----- Critically Important -----
Adobe has deemed that the Flash content on web pages is too risky to be used by the general internet user. For virtually all modern browsers, support for Flash was eliminated on 1-1-2021. This means that those browsers will not display any of the interactive Flash demos/calculators/graphics on this (or any other) site.
The simplest (not the best) fix, for now, is to download the Ruffle extension for your browser. It will render the Flash files where they were previously blocked. In some browsers, you will have to click on the big 'play' button to make the Flash applets/graphics visible.
An alternative to Ruffle for viewing Flash content is to use an alternative browser like the older, portable version of Chrome (chromium), an older version of Safari for Windows or one of several other browsers. More information on Flash capable browsers can be found HERE. It's not quite as simple as Ruffle but anyone even moderately familiar with the Windows Control Panel and installation of software can use Flash as it was intended.


Power is a measure of the amount of work that is being done at a given point in time. If a bulldozer is pushing a pile of soil (or any other device doing work) at a given rate of speed, it is doing a certain amount of work. The actual amount of work being done is determined by the load presented by the soil (the amount of soil being moved) and the rate that the dozer is pushing it. To push the pile faster, the engine would have to produce more power. To push more soil at the original speed, the engine would have to produce more power. Think of pushing more soil as adding more speakers to an amp (wired in parallel - to be covered later). Think of pushing the original amount of soil at a faster rate as driving the speakers harder.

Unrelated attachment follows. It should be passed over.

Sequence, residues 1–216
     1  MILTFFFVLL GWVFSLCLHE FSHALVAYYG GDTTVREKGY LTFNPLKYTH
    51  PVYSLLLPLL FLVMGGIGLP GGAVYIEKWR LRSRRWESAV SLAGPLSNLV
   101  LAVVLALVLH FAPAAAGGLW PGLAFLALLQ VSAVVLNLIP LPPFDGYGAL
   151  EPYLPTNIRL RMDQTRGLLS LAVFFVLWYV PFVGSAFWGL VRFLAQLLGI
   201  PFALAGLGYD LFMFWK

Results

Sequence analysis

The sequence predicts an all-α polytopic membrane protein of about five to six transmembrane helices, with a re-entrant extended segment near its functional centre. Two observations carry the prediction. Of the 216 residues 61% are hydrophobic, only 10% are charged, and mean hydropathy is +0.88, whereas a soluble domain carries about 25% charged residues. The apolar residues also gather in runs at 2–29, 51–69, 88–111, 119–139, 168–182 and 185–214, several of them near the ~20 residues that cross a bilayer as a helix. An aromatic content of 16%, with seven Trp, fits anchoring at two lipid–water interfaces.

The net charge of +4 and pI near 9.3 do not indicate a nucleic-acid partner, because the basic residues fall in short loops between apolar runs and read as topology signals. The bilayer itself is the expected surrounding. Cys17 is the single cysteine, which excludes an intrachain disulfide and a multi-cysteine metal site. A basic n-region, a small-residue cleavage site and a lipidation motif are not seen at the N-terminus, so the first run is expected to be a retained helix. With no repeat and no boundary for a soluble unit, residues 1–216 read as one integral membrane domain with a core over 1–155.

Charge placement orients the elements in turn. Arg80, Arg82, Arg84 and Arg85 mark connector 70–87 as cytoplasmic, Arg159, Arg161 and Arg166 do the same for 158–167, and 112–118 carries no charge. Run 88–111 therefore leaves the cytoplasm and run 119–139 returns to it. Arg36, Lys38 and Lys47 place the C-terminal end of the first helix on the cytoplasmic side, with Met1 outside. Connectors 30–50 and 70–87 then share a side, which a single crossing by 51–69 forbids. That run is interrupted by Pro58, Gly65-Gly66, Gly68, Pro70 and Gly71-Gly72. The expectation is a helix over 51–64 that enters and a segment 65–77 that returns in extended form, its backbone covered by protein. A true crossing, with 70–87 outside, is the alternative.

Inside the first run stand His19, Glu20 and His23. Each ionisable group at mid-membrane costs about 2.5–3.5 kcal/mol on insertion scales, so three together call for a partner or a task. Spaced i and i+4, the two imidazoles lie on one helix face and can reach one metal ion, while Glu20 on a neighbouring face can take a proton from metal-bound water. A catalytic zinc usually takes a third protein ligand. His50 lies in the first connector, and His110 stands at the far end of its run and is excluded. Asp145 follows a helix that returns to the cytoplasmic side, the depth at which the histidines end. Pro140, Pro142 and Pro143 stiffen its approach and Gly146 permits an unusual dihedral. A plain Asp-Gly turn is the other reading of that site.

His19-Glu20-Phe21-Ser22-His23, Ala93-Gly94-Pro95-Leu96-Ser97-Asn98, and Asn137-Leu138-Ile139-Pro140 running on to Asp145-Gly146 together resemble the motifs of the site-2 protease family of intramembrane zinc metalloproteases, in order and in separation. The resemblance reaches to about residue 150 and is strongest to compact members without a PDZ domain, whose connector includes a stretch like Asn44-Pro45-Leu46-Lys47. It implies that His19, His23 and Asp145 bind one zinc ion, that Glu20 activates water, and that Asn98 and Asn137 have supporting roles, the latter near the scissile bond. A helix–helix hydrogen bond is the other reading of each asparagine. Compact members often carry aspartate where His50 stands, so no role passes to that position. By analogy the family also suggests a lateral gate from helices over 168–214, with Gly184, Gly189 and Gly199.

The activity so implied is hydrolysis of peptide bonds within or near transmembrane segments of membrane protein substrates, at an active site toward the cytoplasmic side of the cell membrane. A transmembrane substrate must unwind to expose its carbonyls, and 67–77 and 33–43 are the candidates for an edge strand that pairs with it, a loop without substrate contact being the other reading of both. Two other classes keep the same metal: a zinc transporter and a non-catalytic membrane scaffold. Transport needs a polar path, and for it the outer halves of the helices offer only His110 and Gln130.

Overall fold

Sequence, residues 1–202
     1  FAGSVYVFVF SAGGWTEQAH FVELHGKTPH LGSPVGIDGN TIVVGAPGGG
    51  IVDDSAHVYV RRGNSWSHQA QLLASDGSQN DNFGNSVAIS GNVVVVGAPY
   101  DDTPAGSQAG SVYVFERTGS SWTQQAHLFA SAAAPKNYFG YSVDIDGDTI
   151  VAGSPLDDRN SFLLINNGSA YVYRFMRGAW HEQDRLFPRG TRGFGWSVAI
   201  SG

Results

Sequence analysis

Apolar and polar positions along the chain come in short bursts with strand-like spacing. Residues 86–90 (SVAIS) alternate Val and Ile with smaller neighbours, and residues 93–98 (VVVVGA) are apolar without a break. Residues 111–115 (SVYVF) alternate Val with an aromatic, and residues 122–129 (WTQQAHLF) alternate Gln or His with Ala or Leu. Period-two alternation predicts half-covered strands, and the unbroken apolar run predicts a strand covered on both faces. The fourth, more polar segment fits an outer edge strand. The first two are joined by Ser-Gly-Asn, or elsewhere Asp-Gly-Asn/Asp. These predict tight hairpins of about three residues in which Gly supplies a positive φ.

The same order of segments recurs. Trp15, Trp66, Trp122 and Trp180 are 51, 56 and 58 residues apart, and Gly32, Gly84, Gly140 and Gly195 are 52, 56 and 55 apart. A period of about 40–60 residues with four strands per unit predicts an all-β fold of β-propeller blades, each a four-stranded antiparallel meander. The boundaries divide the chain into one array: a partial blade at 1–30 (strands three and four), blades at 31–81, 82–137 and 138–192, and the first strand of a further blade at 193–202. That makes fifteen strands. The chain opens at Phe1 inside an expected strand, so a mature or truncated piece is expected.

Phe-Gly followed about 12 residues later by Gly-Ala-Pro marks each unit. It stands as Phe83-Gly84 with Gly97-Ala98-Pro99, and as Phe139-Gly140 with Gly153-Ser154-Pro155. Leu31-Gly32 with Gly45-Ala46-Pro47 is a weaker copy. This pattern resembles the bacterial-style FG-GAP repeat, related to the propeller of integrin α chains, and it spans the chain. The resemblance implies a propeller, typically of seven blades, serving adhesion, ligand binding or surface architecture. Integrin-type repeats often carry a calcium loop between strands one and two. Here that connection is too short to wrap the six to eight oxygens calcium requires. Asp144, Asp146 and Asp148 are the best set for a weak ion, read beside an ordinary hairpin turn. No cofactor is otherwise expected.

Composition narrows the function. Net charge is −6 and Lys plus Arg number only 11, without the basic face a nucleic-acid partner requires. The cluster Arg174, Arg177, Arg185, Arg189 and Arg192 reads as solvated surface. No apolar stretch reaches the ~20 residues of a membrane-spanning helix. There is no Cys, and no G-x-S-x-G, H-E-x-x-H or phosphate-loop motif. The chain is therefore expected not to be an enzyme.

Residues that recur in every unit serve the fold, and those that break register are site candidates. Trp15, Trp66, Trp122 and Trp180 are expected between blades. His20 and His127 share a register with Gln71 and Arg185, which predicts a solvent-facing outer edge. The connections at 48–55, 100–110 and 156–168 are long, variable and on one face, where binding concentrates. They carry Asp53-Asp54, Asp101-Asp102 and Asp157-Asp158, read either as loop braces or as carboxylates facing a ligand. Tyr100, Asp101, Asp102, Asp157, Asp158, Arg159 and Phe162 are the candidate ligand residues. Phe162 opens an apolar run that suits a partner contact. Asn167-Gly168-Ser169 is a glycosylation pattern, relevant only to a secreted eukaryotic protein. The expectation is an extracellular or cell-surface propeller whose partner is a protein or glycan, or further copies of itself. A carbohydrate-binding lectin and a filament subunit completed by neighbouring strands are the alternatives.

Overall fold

Power to a Speaker:
The power that an amplifier can produce is determined by the load presented by the speaker's voice coil and the amount of electrical force that the amp can apply to the woofer's voice coil. I'll go into more detail on these topics (amplifiers, electrical power, speakers, speaker loads...) later in this tutorial. In the following demo, you can see that the cone only moves a little at low power but more at high power. Click the buttons to switch between no power, low power and high power.

It seems that most everyone wants to get the most power from their car audio amplifiers. Later chapters will cover just how to maximize the output from your amplifier.


Click HERE to visit a friend's new car audio tech site.